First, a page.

Harvard economist Dani Rodrik has some unambiguous words for who he calls "globalization's cheerleaders": they are the biggest threat to globalization.
In particular, Rodrik, writing in the FT, says,
Because the greatest obstacle to sustaining a healthy, globalised economy is no longer insufficient openness...no country's growth prospects are significantly constrained by a lack of openness in the international economy. Even if the Doha trade round fails, poor countries will have enough access to rich country markets to achieve what countries such as China, Vietnam and India have been able to do. Closed markets may have been a fundamental problem during the 1950s and 1960s; it is hard to believe they still are. The greatest risk to globalisation is elsewhere. It lies in the prospect that national governments' room for manoeuvre will shrink to such levels that they will be unable to deliver the policies that their electorates want and need in order to buy into the global economy.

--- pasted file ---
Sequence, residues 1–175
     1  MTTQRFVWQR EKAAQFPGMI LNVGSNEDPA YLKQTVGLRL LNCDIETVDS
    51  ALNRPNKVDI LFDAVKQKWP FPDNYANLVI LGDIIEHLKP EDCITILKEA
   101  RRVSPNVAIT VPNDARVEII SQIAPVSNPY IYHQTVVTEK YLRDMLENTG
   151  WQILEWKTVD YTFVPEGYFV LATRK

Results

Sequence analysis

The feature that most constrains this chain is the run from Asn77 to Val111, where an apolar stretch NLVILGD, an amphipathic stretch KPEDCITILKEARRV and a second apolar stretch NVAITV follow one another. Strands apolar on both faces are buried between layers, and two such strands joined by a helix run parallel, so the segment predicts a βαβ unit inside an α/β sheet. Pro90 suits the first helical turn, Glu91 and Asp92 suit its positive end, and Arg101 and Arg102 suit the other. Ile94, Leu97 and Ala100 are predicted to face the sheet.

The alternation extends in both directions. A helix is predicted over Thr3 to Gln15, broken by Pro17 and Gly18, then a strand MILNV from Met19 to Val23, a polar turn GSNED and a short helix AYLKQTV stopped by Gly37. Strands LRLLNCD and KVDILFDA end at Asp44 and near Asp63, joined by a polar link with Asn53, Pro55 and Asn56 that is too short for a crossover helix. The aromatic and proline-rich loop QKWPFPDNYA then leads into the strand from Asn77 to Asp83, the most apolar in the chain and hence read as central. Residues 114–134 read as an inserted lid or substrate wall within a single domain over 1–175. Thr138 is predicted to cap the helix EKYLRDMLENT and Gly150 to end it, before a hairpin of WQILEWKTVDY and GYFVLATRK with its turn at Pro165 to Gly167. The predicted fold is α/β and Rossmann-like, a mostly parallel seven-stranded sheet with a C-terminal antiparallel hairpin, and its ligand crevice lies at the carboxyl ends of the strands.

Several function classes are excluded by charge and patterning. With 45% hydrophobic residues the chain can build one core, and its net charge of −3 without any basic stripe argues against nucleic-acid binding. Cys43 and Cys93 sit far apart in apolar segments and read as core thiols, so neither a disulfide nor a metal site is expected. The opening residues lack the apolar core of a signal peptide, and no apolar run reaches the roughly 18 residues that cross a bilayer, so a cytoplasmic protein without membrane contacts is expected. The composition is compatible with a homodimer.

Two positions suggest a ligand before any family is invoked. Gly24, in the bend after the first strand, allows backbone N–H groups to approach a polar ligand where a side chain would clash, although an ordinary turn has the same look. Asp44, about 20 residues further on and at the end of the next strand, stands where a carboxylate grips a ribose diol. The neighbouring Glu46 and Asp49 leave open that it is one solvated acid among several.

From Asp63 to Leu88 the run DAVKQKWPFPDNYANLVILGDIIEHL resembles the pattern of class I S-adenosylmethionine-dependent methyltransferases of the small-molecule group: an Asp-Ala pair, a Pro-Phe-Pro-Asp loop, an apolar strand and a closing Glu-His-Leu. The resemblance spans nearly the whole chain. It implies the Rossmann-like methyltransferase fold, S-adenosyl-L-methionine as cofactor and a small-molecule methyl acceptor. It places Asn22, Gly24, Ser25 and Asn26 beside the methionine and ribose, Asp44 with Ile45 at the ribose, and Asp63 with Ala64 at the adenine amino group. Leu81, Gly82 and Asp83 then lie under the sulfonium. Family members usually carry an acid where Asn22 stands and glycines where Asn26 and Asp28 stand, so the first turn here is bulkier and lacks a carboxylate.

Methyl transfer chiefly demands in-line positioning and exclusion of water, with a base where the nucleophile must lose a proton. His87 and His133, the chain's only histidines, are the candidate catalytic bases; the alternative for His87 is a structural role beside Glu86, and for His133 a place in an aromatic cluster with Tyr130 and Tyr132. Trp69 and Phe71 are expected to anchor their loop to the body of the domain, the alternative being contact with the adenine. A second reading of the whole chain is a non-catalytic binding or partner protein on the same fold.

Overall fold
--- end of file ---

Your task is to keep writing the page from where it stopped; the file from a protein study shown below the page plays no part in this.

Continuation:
Because markets are already so open, Rodrik proposes that countries negotiate rather around increased policy space. Sounds like pretty smart advice to me.